Top Line: There are several ongoing attempts to reduce the intensity of treatment for favorable risk, HPV-associated oropharyngeal cancer.
The Study: In 2018, we read about a de-intensified definitive chemoradiation approach being used at MSKCC, and here is a retrospective review of that experience. This attempts to reduce treatment intensity in three ways: reduction or omission of the high-to-intermediate dose CTV around gross disease, reduced dose to elective sites, and selected omission of low-risk nodal regions in the negative neck. In contrast to other de-escalation approaches (e.g., HN002), standard dose (70 Gy in 35 fractions) was given to gross disease. PTV70 consisted of a 5mm expansion from primary and nodal GTVs with no CTV expansion. Chemotherapy was also standard with cisplatin every 3 weeks. The elective CTV encompassed the primary GTV with a 1cm margin as well as the retropharyngeal, retrostyloid, and II-IV nodal levels in the node positive neck. In the node-negative neck, retropharyngeal nodes were omitted but levels II-IV were included. Levels IB and V were not routinely treated. The bilateral neck was treated except for T1 tonsil primaries with up to 2 ipsilateral nodes < 3cm who could receive treatment of the ipsilateral neck alone. The elective treatment volume received 30 Gy in 15 fractions followed by the remaining 40 Gy in 20 fractions to PTV70. Nearly a third of patients (31.5%) also received 50 Gy to an intermediate dose level adjacent to gross disease at physician discretion. Since 2017, 276 patients were treated with this approach. Most patients had base of tongue or tonsil primaries (93.8%) with 31.5% having T3-4 disease and 23.5% having AJCC 8 N2-3 disease. At 24 months, locoregional control was 97%, progression-free survival was 88%, distant metastasis-free survival was 95%, and overall survival was 95%. Of the 3% of patients with locoregional recurrence, all but one had recurrence at GTV sites within the high dose region. A single patient had progression in a node initially thought benign that was within the 30 Gy volume. Only 6.2% of patients required feeding tube placement.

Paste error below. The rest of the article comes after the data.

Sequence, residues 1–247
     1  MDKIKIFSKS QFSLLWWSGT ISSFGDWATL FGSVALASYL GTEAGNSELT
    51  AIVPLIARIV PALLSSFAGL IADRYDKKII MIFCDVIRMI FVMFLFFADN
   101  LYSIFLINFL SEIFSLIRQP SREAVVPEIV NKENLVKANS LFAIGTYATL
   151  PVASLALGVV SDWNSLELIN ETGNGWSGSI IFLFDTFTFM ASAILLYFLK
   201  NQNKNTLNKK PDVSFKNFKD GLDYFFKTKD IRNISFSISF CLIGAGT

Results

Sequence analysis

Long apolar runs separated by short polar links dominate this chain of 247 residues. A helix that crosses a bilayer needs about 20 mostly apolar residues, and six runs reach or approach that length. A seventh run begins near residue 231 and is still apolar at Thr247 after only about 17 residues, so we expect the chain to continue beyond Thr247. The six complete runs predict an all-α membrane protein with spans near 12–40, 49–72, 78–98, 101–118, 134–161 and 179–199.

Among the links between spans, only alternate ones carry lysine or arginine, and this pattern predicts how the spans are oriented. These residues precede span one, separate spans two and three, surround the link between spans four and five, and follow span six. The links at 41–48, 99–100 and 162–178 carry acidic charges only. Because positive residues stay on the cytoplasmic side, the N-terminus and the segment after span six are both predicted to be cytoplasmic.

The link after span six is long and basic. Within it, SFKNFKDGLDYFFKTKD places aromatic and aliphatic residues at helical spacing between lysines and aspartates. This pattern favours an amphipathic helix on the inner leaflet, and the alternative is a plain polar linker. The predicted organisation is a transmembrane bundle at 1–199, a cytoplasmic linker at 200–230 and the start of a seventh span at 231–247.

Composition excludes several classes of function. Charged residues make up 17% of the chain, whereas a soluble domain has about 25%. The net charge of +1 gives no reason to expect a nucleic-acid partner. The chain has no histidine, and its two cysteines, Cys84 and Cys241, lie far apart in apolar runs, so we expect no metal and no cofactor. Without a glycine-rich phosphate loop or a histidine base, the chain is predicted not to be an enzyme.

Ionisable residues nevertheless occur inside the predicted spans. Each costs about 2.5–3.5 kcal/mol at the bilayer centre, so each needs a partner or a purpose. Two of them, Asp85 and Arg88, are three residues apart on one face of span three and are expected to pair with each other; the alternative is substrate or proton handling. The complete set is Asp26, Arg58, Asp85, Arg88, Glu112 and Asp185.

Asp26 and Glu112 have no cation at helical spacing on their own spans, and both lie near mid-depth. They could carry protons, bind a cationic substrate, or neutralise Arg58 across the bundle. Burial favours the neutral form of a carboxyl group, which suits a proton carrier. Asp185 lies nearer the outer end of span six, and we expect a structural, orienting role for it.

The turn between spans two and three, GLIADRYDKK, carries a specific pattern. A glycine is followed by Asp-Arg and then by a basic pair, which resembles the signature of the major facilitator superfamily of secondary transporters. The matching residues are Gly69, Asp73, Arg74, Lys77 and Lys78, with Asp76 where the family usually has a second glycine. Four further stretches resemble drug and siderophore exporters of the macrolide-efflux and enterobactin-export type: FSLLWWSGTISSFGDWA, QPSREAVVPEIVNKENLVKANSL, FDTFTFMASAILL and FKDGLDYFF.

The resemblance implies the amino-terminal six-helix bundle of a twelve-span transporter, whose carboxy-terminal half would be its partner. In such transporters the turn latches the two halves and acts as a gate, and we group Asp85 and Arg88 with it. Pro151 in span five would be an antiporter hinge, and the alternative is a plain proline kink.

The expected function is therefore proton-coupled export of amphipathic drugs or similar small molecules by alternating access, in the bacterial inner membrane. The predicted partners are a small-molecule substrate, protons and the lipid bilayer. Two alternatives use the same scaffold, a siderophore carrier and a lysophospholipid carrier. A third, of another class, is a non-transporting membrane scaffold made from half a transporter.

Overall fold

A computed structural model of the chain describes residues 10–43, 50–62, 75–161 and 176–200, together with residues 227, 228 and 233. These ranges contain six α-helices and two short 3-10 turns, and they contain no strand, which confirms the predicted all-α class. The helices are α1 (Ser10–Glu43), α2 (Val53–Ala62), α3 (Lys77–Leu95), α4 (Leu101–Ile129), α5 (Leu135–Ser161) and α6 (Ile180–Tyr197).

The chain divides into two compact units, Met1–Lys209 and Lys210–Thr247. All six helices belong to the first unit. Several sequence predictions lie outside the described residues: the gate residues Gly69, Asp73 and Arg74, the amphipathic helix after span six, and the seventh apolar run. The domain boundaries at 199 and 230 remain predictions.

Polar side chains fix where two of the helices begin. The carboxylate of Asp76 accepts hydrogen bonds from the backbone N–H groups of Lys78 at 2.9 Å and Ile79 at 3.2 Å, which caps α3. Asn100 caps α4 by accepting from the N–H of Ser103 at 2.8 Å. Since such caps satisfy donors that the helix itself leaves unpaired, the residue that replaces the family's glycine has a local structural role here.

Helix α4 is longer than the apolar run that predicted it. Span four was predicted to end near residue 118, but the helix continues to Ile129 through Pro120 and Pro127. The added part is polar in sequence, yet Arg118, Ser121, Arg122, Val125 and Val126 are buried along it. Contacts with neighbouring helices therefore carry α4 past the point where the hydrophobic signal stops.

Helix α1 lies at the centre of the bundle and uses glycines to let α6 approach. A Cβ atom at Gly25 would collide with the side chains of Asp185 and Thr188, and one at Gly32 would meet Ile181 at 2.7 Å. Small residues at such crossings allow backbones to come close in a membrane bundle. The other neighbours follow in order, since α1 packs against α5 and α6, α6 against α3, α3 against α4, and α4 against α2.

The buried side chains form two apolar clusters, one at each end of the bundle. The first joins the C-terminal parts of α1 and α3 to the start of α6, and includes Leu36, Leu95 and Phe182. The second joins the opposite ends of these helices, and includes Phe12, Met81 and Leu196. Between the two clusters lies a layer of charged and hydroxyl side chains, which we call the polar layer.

TBL: This large retrospective experience suggests that lower doses and volumes for microscopic disease may be adequate for HPV-associated oropharyngeal cancer, but as we’ve seen before, randomized trials are needed to safely apply treatment de-intensification strategies. | Tsai, JAMA Oncol 2022